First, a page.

An on-screen or virtual keyboard is a software component that allows a user to enter characters into a keyboard displayed on the display. It is used by disabled users who cannot operate a physical keyboard. It has also emerged as a key method for reducing keystroke logging. There are two types of on-screen keyboards: Program to program or non- web keyboards and web-based keyboards. Non-web keyboards are the weaker of the two. These keyboards (such as the onscreen keyboard that comes with Microsoft Windows XP) send keyboard event messages to the external target program to type text. Every software keylogger can log these typed characters from one program to another. This problem persists with both third party and first party virtual keyboards. There are other means for protection in this case, like dragging and dropping the password from the on-screen keyboard to the target program.
Web-based keyboards offer more protection. Some commercial keylogging programs thankfully do not record typing on a web-based virtual keyboard. Many banks like HSBC use a virtual keyboard for password entry.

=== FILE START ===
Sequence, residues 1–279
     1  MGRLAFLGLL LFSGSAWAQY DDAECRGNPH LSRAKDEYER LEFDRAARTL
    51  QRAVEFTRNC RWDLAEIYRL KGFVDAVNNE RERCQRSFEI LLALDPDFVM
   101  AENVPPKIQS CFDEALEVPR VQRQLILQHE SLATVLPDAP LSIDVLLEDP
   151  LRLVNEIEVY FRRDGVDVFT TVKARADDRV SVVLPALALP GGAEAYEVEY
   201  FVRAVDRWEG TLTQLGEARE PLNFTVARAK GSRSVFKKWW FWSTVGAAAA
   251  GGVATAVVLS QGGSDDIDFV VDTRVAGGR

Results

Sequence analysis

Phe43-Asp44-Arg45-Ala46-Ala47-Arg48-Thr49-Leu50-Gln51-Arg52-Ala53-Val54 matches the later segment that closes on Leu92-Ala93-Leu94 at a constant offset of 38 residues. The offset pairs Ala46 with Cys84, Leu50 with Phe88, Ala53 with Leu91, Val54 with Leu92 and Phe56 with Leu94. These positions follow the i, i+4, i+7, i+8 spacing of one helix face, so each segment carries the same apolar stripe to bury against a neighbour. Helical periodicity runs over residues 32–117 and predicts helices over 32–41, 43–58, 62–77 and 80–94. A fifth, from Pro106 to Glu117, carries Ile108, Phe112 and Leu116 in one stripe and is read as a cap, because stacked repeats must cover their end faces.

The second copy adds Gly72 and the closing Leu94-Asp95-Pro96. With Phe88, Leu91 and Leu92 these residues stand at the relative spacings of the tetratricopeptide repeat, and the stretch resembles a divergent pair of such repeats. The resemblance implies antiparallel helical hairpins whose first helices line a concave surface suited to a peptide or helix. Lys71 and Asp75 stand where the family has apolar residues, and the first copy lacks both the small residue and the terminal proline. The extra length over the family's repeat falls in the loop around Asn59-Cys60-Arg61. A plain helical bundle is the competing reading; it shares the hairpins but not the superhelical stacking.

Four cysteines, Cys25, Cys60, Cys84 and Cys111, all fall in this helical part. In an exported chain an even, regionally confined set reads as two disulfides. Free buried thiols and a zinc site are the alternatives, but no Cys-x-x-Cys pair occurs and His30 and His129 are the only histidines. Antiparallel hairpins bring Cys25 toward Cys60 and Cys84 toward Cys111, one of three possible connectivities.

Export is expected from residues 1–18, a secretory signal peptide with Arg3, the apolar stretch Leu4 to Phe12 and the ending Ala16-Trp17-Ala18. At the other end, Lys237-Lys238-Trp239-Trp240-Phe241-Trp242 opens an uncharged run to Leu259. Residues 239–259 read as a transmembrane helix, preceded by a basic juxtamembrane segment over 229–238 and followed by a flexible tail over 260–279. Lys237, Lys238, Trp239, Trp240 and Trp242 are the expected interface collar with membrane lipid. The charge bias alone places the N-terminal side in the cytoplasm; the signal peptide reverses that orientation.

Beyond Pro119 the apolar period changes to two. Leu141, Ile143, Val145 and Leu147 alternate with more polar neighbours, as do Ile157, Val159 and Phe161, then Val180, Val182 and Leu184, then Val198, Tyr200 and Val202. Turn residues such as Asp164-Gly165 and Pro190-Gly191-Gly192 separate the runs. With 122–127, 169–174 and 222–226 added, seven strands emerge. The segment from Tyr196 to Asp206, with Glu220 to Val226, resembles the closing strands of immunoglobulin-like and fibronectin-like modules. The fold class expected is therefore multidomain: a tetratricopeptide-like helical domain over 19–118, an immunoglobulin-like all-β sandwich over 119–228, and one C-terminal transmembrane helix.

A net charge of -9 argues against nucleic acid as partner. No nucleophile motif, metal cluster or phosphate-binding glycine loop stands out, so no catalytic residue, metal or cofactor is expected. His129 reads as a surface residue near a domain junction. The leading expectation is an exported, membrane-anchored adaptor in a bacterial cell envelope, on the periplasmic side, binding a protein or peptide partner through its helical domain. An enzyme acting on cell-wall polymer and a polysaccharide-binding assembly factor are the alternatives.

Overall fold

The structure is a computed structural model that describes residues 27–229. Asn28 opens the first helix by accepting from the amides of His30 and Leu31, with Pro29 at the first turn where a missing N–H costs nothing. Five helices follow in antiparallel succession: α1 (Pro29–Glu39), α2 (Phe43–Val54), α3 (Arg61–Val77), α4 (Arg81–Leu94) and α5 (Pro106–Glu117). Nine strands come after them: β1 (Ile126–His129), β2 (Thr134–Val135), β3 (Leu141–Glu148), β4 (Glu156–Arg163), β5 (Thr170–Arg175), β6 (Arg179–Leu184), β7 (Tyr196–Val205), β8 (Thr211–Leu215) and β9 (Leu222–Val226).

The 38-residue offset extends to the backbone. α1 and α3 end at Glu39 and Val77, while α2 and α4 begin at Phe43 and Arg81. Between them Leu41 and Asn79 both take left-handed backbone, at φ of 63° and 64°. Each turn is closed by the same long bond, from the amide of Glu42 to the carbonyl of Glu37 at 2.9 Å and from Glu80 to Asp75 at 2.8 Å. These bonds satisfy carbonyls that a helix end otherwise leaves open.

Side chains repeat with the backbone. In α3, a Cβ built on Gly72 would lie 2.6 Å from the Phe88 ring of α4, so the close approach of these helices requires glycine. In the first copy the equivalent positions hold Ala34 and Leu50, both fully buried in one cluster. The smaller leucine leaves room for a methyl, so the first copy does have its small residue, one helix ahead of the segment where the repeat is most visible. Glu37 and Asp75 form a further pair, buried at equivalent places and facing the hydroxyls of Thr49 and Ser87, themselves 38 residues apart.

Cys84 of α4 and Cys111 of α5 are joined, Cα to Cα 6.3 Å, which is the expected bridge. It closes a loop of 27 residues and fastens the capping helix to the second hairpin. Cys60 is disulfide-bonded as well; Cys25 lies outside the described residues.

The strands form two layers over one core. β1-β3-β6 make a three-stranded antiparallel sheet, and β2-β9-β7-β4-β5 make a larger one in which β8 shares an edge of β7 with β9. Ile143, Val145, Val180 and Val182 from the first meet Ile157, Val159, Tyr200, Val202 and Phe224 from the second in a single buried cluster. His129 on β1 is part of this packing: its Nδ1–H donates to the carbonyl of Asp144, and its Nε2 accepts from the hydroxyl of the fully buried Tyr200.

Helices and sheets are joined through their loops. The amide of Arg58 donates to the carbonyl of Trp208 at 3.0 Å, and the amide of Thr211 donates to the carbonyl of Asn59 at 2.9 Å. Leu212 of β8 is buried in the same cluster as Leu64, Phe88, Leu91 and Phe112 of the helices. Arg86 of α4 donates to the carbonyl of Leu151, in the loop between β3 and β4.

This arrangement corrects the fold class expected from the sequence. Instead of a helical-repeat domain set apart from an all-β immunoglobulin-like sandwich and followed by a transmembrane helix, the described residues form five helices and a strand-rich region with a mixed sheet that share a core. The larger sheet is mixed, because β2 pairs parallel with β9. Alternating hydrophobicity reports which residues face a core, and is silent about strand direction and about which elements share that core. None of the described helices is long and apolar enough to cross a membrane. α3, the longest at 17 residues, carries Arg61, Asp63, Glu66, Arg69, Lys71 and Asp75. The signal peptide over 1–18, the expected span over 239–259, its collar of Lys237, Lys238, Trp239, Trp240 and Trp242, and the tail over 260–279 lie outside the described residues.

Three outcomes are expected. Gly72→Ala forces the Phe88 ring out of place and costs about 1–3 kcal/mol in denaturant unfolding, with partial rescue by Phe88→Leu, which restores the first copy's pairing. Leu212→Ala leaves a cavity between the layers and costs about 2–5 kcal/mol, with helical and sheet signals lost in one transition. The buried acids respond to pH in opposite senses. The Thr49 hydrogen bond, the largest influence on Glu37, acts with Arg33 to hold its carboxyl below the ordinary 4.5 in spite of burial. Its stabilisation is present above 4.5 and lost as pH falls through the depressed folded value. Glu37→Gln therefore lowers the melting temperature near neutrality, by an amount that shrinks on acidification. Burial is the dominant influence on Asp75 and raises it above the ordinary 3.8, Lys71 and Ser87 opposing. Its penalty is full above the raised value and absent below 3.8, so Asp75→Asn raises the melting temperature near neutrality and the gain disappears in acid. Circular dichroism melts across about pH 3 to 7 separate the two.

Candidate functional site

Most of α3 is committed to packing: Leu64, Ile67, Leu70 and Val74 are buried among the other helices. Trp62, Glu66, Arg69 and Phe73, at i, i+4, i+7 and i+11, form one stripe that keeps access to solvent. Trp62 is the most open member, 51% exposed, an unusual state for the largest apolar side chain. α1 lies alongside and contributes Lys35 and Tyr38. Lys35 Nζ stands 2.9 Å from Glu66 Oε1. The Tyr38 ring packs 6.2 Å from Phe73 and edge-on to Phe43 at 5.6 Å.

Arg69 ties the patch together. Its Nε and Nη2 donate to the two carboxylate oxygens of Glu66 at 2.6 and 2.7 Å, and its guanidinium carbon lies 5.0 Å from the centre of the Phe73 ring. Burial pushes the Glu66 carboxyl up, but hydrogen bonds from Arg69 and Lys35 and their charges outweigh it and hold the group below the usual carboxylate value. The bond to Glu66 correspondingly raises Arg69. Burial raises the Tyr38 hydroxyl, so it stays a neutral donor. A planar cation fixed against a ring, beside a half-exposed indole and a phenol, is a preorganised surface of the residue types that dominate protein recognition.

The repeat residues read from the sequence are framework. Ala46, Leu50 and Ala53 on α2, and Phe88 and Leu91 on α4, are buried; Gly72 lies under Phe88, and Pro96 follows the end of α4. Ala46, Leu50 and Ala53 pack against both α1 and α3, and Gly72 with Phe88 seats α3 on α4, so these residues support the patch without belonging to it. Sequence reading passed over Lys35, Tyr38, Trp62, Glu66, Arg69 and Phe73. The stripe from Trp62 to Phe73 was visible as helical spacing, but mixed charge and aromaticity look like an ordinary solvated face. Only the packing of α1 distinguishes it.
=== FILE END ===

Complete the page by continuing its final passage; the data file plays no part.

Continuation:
Technically, it’s possible for a malware to monitor the display and mouse to obtain the data entered via virtual keyboard. Screenshot recorders take quick and regular photographs of the desktop, and can effectively obtain the data via virtual keyboard. This is significantly harder compared to monitoring real keystrokes. If the recorder is not fast enough, it cannot effectively capture all the mouse clicks displayed.
On-screen keyboard use can also increase the risk of password disclosure by shoulder surfing. An observer can watch the screen easily (and less suspiciously) than the keyboard and see which characters the mouse moves to. Some implementations of the on-screen keyboard give visual feedback of the key clicked by, say, changing its colour briefly. This makes it much easier for an observer to read the data from the screen. This implementation may leave the focus on the most recently clicked key until the next virtual key is clicked. This allows the observer time to read each character even after the mouse starts moving to the next character. Finally, a user may not be able to point and click as fast as they could type on a keyboard, thus making it easier for the observer. This especially becomes a problem in cyber cafes that do not feature separate cubicles for privacy. Fortunately, software exists to combat some of these problems. Corallo Software’s Virtual Keyboard application provides an option to make the keyboard transparent (0-90%) when you move the cursor away. It can handle command-key combinations, modifier key-click combinations and auto-key repeat. The shareware program is applicable for 14 days before registration but a Lite freeware version is also available. Both have support for all operating systems, including Mac OS 8 and Intel-based Macs.